Evidence suggests that the U.S Centers for Disease Control (CDC) recently suppressed a report on the ineffectiveness of condoms at preventing most sexually transmitted diseases while simultaneously continuing to encourage condom use as a means of "safe sex."
Former U.S. Representative Tom Coburn learned of the government report on condom usage and requested it in June 2000. It was not until July of 2001, however, that the CDC even acknowledged the report's existence. In the meantime, the government launched a new campaign called Healthy People 2010 in which it assures people that "condoms, if used correctly and consistently, can help prevent both unintended pregnancies and STDs [sexually transmitted diseases]."
The report specifically found that the scientific evidence is far too weak "to draw definite conclusions about the effectiveness of the latex male condom in reducing the transmission of ... diseases" like chlamydia, syphilis, gonorrhea, genital herpes, and human papillomavirus, the cause of nearly all cases of cervical cancer.
Speaking of the CDC's deception, Dr. James Dobson, president of Focus on the Family, said, "We know that the CDC has had a scientific report in its possession for more then a year which demonstrates that most STDs are not prevented by condom usage. It's a campaign of deception and misinformation."
Coburn points out that the saddest part of the story is the untold number of teenagers and young adults who have been victimized by the deception. "We've seen a massive expansion [in recent years] of sexually transmitted diseases," said Coburn. "Had the CDC handled [the report] properly, we would not be seeing this."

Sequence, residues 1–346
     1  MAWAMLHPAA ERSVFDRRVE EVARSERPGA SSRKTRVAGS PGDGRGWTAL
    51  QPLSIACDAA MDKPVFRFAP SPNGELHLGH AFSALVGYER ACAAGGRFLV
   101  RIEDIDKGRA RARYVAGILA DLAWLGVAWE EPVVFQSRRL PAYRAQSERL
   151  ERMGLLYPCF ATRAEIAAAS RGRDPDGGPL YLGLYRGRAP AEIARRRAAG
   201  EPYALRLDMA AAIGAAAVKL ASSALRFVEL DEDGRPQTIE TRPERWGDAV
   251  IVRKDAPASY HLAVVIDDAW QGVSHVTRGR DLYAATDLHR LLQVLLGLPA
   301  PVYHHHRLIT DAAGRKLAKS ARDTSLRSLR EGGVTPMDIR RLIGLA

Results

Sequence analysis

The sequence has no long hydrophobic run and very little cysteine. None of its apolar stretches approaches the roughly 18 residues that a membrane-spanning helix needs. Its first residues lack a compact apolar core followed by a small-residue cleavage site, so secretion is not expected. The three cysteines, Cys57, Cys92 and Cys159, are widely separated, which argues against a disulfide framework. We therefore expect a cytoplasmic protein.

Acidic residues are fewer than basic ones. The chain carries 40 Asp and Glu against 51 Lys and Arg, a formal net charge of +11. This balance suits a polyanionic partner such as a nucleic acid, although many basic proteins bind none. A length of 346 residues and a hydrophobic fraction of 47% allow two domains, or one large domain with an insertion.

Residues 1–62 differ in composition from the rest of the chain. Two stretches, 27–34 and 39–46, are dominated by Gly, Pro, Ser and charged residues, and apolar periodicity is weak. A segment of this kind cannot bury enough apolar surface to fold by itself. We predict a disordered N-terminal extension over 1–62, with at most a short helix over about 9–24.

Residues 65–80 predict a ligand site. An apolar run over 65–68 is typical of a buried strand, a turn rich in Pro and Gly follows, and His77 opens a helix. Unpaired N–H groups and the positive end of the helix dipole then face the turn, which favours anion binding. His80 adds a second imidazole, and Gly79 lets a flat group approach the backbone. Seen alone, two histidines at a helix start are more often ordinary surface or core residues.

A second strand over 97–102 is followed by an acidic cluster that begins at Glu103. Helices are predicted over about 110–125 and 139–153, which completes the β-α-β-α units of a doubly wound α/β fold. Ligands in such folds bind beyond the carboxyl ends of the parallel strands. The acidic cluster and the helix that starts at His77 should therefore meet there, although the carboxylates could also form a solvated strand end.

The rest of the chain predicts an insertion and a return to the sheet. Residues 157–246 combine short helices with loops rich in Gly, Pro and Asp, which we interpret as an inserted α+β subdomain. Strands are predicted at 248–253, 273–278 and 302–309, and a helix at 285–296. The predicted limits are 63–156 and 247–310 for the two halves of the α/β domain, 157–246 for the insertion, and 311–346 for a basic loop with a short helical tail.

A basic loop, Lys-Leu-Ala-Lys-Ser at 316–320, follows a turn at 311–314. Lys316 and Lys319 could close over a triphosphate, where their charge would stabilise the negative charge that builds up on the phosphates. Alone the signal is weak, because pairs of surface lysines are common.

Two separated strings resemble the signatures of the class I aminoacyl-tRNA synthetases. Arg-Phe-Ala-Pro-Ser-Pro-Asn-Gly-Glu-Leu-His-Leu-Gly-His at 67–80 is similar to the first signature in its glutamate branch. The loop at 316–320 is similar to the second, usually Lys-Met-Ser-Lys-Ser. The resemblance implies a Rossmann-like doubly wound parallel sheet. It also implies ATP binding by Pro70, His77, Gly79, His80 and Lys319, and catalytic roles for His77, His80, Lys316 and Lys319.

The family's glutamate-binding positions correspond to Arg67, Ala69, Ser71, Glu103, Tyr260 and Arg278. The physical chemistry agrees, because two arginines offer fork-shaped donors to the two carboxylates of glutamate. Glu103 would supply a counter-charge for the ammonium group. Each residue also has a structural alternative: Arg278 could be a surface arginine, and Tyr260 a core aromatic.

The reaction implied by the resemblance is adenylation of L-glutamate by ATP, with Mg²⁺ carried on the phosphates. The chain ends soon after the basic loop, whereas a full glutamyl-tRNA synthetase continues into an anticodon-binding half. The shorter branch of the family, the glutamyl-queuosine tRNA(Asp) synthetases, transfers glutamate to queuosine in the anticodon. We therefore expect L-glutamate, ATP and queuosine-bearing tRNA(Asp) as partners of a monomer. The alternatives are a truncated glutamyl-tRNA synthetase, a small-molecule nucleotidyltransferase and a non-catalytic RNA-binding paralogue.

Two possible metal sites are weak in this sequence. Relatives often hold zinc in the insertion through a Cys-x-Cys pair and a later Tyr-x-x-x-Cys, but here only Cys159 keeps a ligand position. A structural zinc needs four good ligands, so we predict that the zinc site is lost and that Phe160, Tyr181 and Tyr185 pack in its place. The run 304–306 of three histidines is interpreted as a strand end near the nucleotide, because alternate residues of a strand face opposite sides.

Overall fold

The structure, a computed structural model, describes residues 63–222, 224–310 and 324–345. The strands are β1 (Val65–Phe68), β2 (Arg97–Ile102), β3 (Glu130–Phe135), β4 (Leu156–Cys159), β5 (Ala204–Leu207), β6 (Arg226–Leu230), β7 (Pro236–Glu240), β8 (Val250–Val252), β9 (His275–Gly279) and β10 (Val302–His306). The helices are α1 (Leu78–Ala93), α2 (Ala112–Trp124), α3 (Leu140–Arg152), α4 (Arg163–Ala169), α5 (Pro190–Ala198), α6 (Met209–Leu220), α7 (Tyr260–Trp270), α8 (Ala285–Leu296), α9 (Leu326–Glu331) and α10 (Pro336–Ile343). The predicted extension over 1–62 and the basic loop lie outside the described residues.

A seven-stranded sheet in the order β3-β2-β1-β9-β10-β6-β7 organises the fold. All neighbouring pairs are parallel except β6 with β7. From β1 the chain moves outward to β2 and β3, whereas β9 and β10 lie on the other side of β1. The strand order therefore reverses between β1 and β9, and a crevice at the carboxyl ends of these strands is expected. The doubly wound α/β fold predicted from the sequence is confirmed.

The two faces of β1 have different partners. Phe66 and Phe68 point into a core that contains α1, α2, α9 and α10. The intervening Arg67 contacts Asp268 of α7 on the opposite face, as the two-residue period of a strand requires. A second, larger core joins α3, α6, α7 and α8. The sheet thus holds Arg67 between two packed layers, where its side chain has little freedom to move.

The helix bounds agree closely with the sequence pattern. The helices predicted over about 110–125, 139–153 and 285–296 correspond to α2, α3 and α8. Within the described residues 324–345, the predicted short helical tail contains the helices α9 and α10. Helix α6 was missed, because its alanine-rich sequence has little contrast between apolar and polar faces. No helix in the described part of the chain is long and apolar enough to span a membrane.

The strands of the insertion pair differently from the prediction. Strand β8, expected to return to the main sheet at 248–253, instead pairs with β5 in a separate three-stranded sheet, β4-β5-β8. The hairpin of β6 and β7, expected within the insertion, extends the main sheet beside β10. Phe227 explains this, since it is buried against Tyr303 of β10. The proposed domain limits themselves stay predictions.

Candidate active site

Citizen, October 2001
According to the most recent report from the U.S. Centers for Disease Control (CDC), nearly half of the women who had an abortion in 1997 had undergone at least one previous abortion. Nearly 20 percent of those women had undergone at least two previous abortions.
In its December 8, 2000 report of state and national abortion statistics for the year 1997, the CDC found that 45.5 percent of women having abortions admitted to having at least one previous abortion. That is believed to be the highest number of repeat abortions the CDC has ever recorded.
Over a quarter of the women (26.8 percent) reported having one previous abortion. Approximately one in nine (11.2 percent) reported two previous abortions, and 7.4 percent reported having three previous abortions.
These numbers represent a significant increase over the past thirty years in the number of women seeking repeat abortions. In 1974, only 13.2 percent of abortion-seekers reported having previous abortions.
National Right To Life News, September 2001